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JMIR Medical Informatics | The Science of…

JMIR Medical Informatics | The Science of…

Newswise — JMIR Publications recently published “The Science of Learning Health Systems: Scoping Review of Empirical Research” in JMIR Medical Informatics which reported that the development and adoption of a Learning Health System (LHS) has been proposed as a means to address key challenges facing current and future health care systems. Learning Health Systems (LHS) is a concept that seeks to connect a myriad of data and knowledge with clinicians, families, and the patient themselves in a highly sophisticated way that fully supports informed decision making, and forms a continuous cycle of improvement. 

Prof. Jeffrey Braithwaite and Dr Louise Ellis from the Australian Institute of Health Innovation, Macquarie University, have recently published a review of published papers that have an explicit empirical focus on LHS. 

With the growth in empirical contributions in the LHS field, it was timely to examine the published empirical research and to determine the status of the field, five years on from the first LHS review of Budrionis and Bellika (2016). The review was also designed to leverage recent developments from the field of implementation science, which aligns closely with a core goal of LHSs, to get more evidence into practice, and to satisfy requirements for continuous quality improvement.

Study information was extracted relevant to the review objective, including:

  1. Primary concern or focus;
  2. Context; 
  3. Design;
  4. Data type;
  5. Implementation framework, model, or theory used;
  6. Implementation determinants or outcomes examined.

Since the 2016 review by Budrionis and Bellika, which found only 13 LHS empirical studies from 2007 to 2015, the Braithwaite research team identified a further 76, showing the growth of empirical applications within the LHS field over the past 5 years. Over two-thirds of the identified studies were concerned with implementing a particular program, system, or platform designed to contribute to achieving an LHS. Most of these studies focused on a particular clinical context or patient population, with far fewer studies focusing on whole hospital systems or on other broad health care systems encompassing multiple facilities.

In particular, the routine use of implementation determinant and outcome frameworks will improve the assessment and reporting of barriers, enablers, and implementation outcomes in this field and will enable comparison and identification of trends across studies.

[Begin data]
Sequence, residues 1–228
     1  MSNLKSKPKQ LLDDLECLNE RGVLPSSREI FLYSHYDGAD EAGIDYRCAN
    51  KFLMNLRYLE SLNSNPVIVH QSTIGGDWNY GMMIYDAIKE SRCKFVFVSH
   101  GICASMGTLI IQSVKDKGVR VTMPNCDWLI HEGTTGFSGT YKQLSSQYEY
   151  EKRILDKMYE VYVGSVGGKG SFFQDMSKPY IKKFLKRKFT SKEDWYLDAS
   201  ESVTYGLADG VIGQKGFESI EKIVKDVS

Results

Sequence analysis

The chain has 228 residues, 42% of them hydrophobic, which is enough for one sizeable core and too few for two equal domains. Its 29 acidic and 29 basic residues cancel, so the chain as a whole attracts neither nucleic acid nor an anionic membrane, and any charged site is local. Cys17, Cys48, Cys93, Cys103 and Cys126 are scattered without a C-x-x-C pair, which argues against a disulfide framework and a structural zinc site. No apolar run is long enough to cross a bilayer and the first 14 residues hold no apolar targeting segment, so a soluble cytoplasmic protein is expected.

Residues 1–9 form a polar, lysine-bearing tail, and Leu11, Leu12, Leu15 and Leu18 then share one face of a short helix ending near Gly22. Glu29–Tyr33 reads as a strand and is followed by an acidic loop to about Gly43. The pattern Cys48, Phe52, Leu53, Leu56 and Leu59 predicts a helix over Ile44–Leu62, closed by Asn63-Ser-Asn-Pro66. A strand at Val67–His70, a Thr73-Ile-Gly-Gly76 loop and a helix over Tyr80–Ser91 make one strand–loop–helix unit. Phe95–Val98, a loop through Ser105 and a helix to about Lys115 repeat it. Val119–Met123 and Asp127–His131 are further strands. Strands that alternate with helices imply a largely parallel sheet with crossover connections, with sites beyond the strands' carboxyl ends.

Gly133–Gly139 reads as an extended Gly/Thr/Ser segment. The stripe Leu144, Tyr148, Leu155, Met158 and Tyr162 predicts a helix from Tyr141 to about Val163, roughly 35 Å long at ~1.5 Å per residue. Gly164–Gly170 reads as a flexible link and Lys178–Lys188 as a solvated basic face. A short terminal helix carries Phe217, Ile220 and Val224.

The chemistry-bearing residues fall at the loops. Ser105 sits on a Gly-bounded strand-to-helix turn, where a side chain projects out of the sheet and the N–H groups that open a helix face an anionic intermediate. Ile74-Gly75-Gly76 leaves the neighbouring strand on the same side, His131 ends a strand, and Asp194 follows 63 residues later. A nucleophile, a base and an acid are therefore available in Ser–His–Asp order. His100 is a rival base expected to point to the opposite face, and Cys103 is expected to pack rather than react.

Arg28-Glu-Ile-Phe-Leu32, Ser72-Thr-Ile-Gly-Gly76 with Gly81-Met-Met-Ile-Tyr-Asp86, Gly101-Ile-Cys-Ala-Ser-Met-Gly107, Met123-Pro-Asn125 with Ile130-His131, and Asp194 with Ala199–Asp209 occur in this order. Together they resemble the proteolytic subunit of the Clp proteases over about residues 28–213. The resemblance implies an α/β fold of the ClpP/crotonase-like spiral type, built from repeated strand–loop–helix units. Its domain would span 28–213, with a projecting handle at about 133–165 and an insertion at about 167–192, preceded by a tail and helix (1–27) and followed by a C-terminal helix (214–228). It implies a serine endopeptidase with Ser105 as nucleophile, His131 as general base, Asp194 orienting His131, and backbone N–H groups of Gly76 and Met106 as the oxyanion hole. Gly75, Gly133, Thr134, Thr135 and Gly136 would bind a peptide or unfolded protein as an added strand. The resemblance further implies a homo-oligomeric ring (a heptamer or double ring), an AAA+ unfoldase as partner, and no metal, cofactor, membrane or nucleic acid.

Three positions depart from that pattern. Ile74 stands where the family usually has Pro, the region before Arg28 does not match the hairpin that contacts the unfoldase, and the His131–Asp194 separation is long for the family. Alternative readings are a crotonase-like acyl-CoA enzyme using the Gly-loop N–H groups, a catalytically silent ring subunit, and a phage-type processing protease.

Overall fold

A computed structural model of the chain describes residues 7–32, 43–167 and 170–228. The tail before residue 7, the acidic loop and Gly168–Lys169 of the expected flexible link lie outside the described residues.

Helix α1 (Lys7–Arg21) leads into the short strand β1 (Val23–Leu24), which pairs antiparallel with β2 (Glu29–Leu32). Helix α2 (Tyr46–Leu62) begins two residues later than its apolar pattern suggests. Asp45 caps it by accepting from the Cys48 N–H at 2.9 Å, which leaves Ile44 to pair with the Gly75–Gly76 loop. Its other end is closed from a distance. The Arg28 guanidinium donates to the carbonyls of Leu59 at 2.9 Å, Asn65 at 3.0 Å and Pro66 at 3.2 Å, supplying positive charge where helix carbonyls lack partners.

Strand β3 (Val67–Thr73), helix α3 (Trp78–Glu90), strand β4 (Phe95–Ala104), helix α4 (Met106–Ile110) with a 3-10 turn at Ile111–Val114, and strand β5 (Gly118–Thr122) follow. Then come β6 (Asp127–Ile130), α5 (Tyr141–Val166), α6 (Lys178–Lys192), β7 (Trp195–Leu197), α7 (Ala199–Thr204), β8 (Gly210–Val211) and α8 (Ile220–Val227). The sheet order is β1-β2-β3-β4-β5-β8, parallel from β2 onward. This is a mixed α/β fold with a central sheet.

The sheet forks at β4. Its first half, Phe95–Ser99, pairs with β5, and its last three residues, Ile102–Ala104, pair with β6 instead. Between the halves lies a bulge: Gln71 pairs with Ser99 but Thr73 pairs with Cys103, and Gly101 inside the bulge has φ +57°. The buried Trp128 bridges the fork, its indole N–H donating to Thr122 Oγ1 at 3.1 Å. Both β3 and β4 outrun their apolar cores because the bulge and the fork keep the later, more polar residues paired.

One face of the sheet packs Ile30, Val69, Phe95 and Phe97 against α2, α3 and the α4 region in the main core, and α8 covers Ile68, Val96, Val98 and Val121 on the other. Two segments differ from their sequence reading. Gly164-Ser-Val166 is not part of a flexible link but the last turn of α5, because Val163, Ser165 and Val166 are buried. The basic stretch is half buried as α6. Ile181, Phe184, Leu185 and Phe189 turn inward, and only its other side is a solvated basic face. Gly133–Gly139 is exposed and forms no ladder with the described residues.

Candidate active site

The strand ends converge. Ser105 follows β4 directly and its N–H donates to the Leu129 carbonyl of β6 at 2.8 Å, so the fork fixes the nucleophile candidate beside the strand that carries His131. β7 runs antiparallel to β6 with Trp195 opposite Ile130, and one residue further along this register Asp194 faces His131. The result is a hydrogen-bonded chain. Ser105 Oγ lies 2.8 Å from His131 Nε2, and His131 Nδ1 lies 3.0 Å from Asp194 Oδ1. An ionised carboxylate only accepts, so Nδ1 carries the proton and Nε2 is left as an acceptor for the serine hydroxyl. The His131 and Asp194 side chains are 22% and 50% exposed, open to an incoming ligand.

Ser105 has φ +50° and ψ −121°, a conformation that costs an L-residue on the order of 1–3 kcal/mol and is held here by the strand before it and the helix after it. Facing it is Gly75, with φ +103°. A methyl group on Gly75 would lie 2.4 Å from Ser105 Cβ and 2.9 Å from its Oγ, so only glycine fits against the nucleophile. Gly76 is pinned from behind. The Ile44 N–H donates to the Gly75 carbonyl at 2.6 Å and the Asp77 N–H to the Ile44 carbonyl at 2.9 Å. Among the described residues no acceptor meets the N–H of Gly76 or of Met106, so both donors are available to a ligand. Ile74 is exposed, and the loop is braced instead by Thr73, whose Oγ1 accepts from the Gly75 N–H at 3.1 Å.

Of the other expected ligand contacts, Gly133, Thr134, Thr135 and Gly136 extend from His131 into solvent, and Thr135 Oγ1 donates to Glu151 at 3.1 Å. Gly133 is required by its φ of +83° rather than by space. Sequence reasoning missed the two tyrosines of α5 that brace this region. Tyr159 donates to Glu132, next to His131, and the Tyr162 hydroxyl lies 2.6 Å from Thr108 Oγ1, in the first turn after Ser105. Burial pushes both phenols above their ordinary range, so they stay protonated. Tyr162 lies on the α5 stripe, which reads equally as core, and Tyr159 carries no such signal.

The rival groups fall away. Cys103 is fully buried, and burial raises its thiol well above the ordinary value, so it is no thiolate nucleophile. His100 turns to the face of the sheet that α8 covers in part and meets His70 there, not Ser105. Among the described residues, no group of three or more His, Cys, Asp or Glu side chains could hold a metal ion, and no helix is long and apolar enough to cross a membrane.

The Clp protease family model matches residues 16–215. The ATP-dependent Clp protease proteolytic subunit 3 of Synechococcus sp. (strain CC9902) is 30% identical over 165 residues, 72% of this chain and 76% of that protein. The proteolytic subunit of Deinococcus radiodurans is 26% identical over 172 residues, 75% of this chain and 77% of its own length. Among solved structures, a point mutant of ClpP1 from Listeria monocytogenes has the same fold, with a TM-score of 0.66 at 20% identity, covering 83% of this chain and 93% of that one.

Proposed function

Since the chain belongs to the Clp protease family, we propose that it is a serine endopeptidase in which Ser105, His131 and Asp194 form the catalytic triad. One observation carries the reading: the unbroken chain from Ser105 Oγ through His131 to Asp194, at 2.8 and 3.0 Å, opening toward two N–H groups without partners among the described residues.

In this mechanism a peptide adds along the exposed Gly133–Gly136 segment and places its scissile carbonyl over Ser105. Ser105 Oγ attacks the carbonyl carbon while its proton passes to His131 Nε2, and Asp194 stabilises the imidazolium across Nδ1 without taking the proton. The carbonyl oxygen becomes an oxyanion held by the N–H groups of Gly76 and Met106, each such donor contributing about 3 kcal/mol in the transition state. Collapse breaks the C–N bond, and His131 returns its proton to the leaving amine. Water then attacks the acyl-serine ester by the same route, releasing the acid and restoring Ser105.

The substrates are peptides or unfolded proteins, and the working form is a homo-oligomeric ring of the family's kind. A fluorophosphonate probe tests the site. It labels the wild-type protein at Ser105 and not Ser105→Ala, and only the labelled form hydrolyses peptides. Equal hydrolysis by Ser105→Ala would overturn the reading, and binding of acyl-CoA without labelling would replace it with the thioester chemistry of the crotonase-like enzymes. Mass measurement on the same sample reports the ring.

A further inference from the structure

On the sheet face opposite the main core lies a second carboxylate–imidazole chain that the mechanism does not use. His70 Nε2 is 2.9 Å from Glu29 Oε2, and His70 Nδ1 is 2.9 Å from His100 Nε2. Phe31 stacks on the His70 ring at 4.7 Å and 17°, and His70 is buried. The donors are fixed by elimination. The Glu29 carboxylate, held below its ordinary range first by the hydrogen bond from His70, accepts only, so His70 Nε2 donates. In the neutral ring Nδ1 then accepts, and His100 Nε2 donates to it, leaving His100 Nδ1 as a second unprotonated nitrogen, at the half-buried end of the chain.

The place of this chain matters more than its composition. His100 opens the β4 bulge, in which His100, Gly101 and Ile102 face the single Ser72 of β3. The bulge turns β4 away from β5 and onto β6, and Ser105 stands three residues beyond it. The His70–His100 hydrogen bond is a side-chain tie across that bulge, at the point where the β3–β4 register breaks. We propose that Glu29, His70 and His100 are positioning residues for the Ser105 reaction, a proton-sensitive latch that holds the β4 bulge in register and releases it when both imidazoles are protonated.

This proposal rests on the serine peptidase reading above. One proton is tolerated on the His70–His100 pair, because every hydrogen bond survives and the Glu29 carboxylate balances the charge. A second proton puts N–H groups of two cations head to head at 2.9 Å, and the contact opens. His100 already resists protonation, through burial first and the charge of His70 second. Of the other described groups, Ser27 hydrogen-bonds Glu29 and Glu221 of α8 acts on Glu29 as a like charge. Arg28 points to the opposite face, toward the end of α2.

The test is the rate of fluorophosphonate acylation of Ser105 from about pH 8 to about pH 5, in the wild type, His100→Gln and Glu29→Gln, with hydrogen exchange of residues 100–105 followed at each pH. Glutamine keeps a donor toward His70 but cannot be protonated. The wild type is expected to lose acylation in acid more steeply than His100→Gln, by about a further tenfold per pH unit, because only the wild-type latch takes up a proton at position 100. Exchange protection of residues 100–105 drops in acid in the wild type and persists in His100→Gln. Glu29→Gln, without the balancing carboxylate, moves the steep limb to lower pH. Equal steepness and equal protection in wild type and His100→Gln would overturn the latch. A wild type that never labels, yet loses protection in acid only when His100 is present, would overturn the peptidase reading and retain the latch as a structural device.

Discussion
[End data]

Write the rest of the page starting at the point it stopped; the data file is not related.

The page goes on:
Prof. Jeffrey Braithwaite from Macquarie University said, “Contemporary health care systems are not always fit for purpose or evidence-based.” To overcome ongoing challenges in health care systems, there is growing awareness of the need for health care systems predicated on knowledge harvesting and exploitation, and continuing improvement through leveraging big data and incorporating patients’ perspectives and choices into decisions.

Although this vision has remained largely aspirational to date, rapid innovations in big data, machine learning, and artificial intelligence are creating the opportunity, and expectation, that health care systems can make real the promise of an LHS.

Research interest in LHS concepts and ideas has been increasing, as evidenced by the growing number of publications on LHS since it was first discussed in 2007 and the emergence of the influential journal Learning Health Systems.

The Braithwaite research team concluded in their JMIR Publications Research Output that studies empirically investigating and implementing LHS models have been increasing in recent years. In particular, they are seeing research concerned with implementing a variety of programs, systems, or platforms designed to contribute to achieving an LHS.

Running parallel with this work, a new LHS Toolkit has recently been released: https://lhstoolkit.learninghealthcareproject.co.uk/ and is in beta testing. It aims to provide up to date tools, frameworks and guidance for any group interested in developing capacities centred on LHS concepts and principles.

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DOI – https://doi.org/10.2196/34907

Full-text – https://medinform.jmir.org/2022/2/e34907

Free Altmetric Report – https://jmir.altmetric.com/details/123545686

Keywords – learning health systems, learning health care systems, implementation science, evaluation, health system, health care system, empirical research, medical informatics,  review 

JMIR Publications is a leading, born-digital, open access publisher of 30+ academic journals and other innovative scientific communication products that focus on the intersection of health and technology. Its flagship journal, the Journal of Medical Internet Research, is the leading digital health journal globally in content breadth and visibility, and it is the largest journal in the medical informatics field.

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